After dilly-dallying by the government at subsequent hearings, the case was finally heard on 12 March 2019. The judgement stands reserved.
Government’s arguments – and counter-arguments
Most of the arguments presented by the government would not withstand a layman’s scrutiny let alone legal scrutiny. For instance:
Policy making is government’s exclusive domain.Yes, it is indeed, but all our pay commissions have correlated the pay and allowances of all services, including the armed forces, and tried to maintain parity. The government should be responsible enough to ensure that its policies are on an equal basis and not selective and biased against the armed forces.
Constitutional right to equality enshrined in Article 14 and 16 is not applicable to armed forces.This is untenable. While Article 33 of theConstitution empowers Parliament to restrict or abrogate somefundamental rights of the armed forces, to misinterpret it to include right to equality in salary and status goes against the very spirit of theConstitution.
NFU to armed forces will have adverse effect on status, command and control, discipline, efficiency and morale, and reduce the desire to aspire for higher ranks. If anything, the NFU will only provide a greater degree of motivation to super ceded officers. The armed forces have enough safeguards in form of rules, regulations, law and the appraisal system to deal with errant, non-motivated and non performing officers.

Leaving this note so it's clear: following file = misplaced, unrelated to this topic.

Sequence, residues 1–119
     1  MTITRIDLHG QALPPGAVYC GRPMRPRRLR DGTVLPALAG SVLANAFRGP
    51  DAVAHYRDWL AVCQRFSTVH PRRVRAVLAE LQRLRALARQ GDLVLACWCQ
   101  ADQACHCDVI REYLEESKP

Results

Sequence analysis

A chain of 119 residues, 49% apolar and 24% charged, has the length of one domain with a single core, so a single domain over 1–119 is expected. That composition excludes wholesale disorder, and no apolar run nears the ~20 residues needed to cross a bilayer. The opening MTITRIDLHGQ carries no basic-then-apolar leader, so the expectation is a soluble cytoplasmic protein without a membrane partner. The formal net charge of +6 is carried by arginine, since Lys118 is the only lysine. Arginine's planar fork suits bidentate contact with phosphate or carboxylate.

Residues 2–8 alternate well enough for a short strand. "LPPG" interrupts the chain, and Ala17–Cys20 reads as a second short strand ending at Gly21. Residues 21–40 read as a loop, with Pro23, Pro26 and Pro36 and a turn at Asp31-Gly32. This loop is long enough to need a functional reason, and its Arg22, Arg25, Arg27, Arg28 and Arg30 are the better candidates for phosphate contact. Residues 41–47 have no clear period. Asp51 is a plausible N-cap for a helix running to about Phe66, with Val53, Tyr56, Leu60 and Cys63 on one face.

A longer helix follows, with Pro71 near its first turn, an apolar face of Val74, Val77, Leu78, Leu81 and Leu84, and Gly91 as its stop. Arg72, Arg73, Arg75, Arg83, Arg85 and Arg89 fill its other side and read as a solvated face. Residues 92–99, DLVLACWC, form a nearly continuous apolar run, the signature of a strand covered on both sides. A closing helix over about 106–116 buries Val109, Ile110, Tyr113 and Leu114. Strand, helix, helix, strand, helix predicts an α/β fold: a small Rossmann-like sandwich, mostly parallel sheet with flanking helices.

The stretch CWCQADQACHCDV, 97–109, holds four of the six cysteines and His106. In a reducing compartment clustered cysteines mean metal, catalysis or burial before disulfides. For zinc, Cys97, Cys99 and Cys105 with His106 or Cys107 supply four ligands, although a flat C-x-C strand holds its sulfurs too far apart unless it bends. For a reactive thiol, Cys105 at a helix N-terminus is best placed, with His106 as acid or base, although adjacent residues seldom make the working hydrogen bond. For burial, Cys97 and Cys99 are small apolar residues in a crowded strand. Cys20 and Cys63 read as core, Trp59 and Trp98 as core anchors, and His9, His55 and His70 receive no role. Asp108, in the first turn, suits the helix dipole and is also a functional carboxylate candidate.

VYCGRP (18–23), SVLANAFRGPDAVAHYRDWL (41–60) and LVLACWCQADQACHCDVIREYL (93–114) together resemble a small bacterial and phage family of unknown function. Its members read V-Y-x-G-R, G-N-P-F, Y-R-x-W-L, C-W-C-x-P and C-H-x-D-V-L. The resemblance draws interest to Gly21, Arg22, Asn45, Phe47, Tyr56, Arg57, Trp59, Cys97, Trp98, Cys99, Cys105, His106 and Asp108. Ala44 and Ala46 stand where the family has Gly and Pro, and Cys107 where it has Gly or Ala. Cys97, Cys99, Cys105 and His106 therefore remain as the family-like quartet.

NFU will result in additional financial burden on government.On 12 March 2019 the government for the first time gave out the details of the financial burden – ₹1,065 crore for arrears and ₹269 crore as annual recurring cost. If the financial burden is unbearable, then NFU should be scrapped for all services. The arrears can be given in instalments and Rs 269 crore is hardly a burden on the government.
Armed forces enjoy various prerequisites and amenities that are not available to the civil services.Most of the ‘subsidised’ amenities are available at par to the other services in one form or the other. Apart from these, the other facilities are from the armed forces private funds built up over the years through contributions by all ranks. This argument only reflects on the petty mind of the bureaucrats.
The armed forces are entitled to Military Service Pay (MSP).The MSP is based on the erstwhile Special Disturbance Allowance. It is meant to address the intangible constraints and disadvantages unique to military personnel. It is certainly not a compensation for financial loss due to stagnation which is the basis for the NFU.
Either due to ignorance or guided by inappropriate advice, the governments since Independence have discriminated against the armed forces in the matter of pay and allowance. Anomalies of pay commissions are only resolved through prolonged litigation stretching over 10-15 years.
The government should be responsible enough to ensure that its policies are on an equal basis and not selective and biased against the armed forces.
The armed forces are in the hearts and minds of the public and the political parties hope to win elections by exploiting the soldiers, and yet the government is fighting them tooth and nail in courts for a mere Rs 269 crore.
Lt Gen H S Panag PVSM, AVSM (R) served in the Indian Army for 40 years. He was GOC in C Northern Command and Central Command. Post retirement, he was Member of Armed Forces Tribunal.